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Originally published in Synapse on November 19, 1987. At least a fifth of American obstetricians surveyed would seek a court order forcing pregnant women — especially poor, minority women — to comply with recommended treatment such as Caesarean section, according to studies by UCSF’s Dr. Nancy Milliken and researchers at the University of Illinois.

One fourth of responding obstetricians also favored detaining mothers whose refusal of medical advice may endanger the fetus.

In the past five years doctors have sought court orders in 26 states with success in 11 states, according to the Illinois study, published in the May 7 New England Journal of Medicine.

In two states, courts ordered that pregnant women who would not follow doctors’ advice be detained in the hospital.

All the women in this study were medically indigent. Eighty-one percent were black, Asian or Hispanic, and 24 percent did not speak English as their first language.

“My concern is that this happens exclusively to poor women, and primarily to minority women,” said co-investigator Dr. Veronika E.B. Kolder of Chicago’s Illinois Masonic Hospital.

Because survey responses came primarily from large teaching institutions which have many poor and minority patients, the numbers might be skewed, Kolder speculated. But, she added, “it is likely that most of these cases occur at these institutions, not at private institutions where physicians might hesitate to go to court against their patients.”

In addition to reported cases, there are probably many more in which women agree to caesarean sections after steps toward court action begin, according to co-author Dr. Michael T. Parsons of the University of Illinois College of Medicine.

Responding to concern over these court-ordered medical interventions, the American College of Obstetrics and Gynecology recently told physicians that “resort to court order was almost never justified.”

It urged obstetricians to “be aware of the destructive effect of court orders on a pregnant woman’s autonomy and on the physician-patient relationship.”

Inappropriate reliance on judicial authority, it warned, might have the undesired consequence of making criminals of those women who refuse to comply with medical recommendations.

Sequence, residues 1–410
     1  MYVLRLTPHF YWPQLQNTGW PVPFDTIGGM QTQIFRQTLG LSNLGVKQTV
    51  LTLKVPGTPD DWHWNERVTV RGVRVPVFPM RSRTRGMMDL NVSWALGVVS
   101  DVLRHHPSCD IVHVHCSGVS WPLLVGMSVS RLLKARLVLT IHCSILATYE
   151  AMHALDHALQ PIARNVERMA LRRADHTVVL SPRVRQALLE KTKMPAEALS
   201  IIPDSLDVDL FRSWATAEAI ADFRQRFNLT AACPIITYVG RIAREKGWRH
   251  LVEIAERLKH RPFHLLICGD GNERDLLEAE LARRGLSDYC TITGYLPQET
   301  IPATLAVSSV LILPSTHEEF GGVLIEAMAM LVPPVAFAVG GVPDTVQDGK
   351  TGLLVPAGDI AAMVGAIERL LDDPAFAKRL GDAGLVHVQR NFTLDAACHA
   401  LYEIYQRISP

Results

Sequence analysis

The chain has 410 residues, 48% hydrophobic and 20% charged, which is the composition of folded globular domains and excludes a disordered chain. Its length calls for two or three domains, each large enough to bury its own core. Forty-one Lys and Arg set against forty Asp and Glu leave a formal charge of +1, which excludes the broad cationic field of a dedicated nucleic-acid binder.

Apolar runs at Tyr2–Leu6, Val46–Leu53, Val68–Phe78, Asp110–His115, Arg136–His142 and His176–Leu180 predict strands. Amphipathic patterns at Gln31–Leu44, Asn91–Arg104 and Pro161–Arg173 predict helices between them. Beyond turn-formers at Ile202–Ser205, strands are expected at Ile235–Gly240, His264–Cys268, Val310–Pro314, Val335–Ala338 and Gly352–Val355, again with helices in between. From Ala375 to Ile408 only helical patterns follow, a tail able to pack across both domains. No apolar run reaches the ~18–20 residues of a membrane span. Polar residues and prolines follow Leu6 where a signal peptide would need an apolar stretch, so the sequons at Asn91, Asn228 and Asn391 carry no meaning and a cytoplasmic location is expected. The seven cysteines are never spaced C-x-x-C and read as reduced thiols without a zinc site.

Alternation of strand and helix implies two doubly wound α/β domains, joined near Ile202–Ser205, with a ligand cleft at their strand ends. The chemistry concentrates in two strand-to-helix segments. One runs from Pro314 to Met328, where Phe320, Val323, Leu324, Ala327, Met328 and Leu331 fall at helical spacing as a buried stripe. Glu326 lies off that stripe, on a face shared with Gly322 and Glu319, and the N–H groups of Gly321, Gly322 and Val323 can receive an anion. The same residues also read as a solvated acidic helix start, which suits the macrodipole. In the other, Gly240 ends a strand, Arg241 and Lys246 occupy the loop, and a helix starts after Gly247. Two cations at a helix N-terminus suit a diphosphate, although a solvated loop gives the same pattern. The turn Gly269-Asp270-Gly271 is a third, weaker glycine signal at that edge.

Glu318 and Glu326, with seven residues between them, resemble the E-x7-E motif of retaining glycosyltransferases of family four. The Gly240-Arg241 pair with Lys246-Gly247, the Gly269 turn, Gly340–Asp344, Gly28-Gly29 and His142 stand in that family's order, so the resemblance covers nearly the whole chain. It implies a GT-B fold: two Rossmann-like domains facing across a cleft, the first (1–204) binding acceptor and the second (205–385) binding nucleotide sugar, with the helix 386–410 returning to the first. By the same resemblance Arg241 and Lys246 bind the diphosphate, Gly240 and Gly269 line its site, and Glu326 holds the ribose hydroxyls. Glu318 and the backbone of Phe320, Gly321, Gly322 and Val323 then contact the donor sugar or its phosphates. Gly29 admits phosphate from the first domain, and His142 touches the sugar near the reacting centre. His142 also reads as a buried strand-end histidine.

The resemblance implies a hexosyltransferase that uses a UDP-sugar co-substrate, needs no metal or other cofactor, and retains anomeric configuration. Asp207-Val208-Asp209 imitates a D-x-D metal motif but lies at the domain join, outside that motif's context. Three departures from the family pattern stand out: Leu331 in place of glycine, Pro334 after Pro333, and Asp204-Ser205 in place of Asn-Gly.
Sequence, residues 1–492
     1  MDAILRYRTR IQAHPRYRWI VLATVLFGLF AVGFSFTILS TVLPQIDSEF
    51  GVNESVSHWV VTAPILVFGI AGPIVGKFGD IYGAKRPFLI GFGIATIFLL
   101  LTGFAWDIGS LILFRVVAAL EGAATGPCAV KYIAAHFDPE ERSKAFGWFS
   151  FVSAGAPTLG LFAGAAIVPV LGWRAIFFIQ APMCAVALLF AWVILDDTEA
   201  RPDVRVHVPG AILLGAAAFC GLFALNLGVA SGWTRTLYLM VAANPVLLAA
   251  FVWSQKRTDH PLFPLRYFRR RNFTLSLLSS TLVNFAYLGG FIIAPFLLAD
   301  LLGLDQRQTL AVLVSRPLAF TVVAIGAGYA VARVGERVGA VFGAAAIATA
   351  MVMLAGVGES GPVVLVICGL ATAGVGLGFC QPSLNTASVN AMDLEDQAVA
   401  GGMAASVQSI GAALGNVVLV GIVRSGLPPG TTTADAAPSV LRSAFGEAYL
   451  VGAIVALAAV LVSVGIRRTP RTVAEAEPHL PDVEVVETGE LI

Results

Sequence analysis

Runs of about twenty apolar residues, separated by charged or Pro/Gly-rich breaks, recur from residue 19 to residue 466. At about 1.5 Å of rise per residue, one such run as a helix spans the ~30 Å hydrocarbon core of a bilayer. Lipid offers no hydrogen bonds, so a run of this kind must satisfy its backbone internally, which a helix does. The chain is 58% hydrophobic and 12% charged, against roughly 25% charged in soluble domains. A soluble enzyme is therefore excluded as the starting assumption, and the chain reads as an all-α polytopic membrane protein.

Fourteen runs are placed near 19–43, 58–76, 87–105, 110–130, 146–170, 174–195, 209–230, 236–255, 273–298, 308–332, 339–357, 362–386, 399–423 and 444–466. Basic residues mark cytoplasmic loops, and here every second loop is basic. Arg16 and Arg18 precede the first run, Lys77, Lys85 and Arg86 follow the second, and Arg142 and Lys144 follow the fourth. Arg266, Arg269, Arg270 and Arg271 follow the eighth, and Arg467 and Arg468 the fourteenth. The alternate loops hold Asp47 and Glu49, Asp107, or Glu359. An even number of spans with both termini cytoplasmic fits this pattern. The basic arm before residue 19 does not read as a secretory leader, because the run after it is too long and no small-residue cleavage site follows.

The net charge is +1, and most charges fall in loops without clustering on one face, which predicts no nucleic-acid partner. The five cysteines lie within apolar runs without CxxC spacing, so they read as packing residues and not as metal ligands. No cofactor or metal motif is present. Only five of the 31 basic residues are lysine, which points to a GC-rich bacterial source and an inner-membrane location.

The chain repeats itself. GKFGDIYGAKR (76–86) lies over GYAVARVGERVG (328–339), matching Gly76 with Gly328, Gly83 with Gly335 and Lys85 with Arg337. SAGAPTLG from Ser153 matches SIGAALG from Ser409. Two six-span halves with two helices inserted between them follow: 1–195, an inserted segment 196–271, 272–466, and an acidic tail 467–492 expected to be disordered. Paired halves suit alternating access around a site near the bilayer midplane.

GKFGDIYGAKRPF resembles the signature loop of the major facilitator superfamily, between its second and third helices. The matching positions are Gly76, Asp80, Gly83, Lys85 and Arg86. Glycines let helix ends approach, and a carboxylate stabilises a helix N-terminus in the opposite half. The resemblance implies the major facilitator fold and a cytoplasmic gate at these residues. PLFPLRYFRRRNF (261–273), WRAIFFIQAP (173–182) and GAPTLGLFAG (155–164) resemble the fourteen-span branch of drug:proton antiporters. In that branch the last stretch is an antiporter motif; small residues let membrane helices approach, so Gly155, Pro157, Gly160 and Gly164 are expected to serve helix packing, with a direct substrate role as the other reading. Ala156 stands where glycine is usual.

The College’s statement should reduce the increasing tendency of some obstetricians to intervene on behalf of the fetus despite the pregnant woman’s refusal of treatment.

One patient or two?

Medical advances that make fetal life accessible to direct intervention have led to a perception in some quarters of the fetus as an individual separate from the mother.

Many physicians now view the fetus as “the doctor’s second patient,” with rights that can conflict with the rights of the mother, says Milliken.

But to others, particularly women, the tendency of some doctors to distinguish between mother and baby is misguided.

“I see one woman in the process of becoming two, not two people locked in a closet somehow in what may very well be an adversarial relationship,” said Barbara Katz Rothman, author of The Tentative Pregnancy, at a recent conference on maternal-fetal conflict.

The problem with the “two patient” view, according to George J. Annas, professor of health law at Boston University and a leading expert on patients’ rights, is that “we can obtain access to the fetus only through its mother. And in the absence of her informed consent, we can do so only by treating her as fetal container, a non-person without rights to bodily integrity. After birth, the fetus becomes a child and can thereafter be treated in its own right.”

Doctors may ultimately find themselves confronted with cases where their decisions to go against the mother’s own judgment backfire and burden them with moral responsibility for error and legal liability for their actions.

Medical history is replete with prescribed treatments that turned out to have devastating consequences.